In the last year he has had five days' holiday, he's overweight and works gratuitously long hours. I am concerned for him personally and professionally. The organisation is growing through change and needs him to be on top of his game and not going under. How would you advise that my colleagues and I approach the subject of a better balance to his work, life and health?
I much admire your concern for your chief executive. Too many people, when having to cope with such irascible and inconsistent leadership, think only of themselves.
From what you say, there's a serious chance that your boss is heading for some kind of crack-up. He seems to have got himself onto one of those terrifying escalators, where a combination of conscientiousness and insecurity drives people to work longer and longer hours and delegate less and less.
And, of course, the higher the levels of stress they experience, the harder it becomes for them to do what they need to do: which is stop, take some deep breaths and a proper holiday, trust others around them to keep the ship afloat - and regain some sense of objectivity and proportion.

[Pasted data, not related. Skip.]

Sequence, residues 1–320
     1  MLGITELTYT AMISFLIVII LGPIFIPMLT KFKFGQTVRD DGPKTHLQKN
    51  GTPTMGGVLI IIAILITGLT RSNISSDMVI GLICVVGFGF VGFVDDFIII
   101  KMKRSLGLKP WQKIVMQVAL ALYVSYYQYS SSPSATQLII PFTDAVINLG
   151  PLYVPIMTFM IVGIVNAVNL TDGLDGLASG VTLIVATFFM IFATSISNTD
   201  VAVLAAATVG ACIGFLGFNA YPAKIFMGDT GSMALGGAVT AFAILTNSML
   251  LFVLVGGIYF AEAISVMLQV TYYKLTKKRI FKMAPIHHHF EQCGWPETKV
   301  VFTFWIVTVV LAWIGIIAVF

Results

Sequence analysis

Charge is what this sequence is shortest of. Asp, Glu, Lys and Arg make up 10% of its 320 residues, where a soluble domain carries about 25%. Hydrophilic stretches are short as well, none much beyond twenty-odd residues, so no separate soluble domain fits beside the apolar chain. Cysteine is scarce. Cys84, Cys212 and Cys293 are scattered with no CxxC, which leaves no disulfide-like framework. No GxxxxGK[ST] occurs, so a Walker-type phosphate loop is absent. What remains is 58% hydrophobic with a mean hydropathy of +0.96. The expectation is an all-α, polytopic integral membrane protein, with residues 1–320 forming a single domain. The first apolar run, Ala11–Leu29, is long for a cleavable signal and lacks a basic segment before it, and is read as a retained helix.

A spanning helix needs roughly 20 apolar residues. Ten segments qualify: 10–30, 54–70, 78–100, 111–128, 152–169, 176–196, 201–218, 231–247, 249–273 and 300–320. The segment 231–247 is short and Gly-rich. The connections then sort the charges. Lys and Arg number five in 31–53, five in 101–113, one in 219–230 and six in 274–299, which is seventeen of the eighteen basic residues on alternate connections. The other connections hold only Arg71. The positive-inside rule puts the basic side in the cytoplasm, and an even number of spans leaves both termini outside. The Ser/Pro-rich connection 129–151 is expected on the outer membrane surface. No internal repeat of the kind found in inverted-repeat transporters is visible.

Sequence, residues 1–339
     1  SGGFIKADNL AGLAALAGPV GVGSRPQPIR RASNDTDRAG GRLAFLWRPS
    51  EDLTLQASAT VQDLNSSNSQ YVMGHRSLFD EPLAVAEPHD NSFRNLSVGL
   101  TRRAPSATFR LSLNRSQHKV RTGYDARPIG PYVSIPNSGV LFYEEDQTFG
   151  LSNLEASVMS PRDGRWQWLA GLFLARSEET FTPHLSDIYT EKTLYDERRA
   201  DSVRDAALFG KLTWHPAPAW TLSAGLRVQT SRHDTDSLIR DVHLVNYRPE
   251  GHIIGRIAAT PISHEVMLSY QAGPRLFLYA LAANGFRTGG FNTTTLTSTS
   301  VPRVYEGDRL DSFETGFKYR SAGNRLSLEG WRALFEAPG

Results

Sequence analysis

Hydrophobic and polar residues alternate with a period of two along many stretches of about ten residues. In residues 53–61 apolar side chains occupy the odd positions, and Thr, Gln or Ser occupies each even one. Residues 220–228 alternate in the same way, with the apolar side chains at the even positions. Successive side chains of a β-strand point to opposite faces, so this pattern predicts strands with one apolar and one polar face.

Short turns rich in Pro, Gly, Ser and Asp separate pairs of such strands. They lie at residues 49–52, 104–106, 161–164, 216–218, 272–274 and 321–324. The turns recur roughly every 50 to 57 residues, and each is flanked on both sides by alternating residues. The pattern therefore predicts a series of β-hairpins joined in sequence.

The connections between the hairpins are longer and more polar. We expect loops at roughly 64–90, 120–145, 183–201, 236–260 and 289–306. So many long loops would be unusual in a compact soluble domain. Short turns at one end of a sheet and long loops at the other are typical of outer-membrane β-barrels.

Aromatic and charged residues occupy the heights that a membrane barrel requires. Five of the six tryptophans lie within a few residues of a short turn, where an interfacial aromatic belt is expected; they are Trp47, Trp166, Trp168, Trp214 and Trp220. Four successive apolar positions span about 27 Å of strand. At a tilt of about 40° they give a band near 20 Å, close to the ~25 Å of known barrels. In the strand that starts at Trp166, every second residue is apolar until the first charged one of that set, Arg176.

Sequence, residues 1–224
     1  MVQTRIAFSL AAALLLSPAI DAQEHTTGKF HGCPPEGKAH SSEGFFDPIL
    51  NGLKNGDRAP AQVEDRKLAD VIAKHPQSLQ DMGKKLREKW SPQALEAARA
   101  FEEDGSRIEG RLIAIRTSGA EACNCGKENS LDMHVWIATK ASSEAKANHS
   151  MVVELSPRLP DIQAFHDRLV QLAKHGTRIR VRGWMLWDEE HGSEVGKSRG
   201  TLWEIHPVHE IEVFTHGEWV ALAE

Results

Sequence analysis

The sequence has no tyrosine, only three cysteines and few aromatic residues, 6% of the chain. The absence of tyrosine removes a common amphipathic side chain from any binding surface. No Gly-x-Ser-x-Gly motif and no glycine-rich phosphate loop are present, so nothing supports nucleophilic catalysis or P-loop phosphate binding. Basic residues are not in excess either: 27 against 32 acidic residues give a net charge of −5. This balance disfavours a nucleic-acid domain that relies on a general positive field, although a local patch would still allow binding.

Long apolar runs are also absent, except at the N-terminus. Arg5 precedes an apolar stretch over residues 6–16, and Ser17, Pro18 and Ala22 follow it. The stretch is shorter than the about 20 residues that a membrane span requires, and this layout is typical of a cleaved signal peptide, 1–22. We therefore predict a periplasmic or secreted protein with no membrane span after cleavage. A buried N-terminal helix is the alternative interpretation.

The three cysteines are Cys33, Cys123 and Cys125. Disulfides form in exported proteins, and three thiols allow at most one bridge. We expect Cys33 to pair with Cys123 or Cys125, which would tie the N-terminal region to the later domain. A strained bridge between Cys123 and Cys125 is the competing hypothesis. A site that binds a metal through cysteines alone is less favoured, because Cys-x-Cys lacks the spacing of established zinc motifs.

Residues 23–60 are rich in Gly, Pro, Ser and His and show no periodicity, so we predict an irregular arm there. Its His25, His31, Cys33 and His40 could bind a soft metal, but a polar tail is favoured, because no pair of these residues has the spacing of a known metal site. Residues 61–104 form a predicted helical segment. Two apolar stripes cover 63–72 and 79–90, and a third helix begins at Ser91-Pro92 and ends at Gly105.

So I feel sure you're right: without some firm and friendly help, he's going to find it impossible to step off that accelerating escalator by himself. If your company has a medical adviser, your first step should be an off-the-record word with him or her: it's just possible that your CEO has already looked for help in that direction. You're not asking anyone to betray a professional confidence; you're just registering your concern and looking for a helpful steer.
As you also clearly realise, any subsequent approach to your CEO will have to be meticulously thought through and immensely sensitive. Much will depend on your identifying the best initial go-between. I can't begin to guess who this might be, but you should look for someone whose motives he can't reasonably question. People suffering from serious work-related stress often begin to see conspiracies everywhere, so it's essential that the first conversation be initiated by someone he won't mistrust. So you may need to rule out his chairman - in whom he'd probably see only rebuke and threat; and immediate subordinates, such as yourself - in whom he could all too easily see personal ambition.
Does anyone know his family: his wife or a grown-up son or daughter?
Does he have a respected predecessor, maybe now retired? Or maybe his PA, past or present? Whoever it is, take the person you identify into your confidence, seek their advice, enlist their help and work from there.
However delicately you proceed, be prepared for an initially hostile and ungrateful response. If so, exercise heroic patience and compassion.
It may take many hours and many conversations before he can bring himself to admit that he needs help.
And if he really has reached breaking point, you'll be glad you had that preliminary word with the company doctor.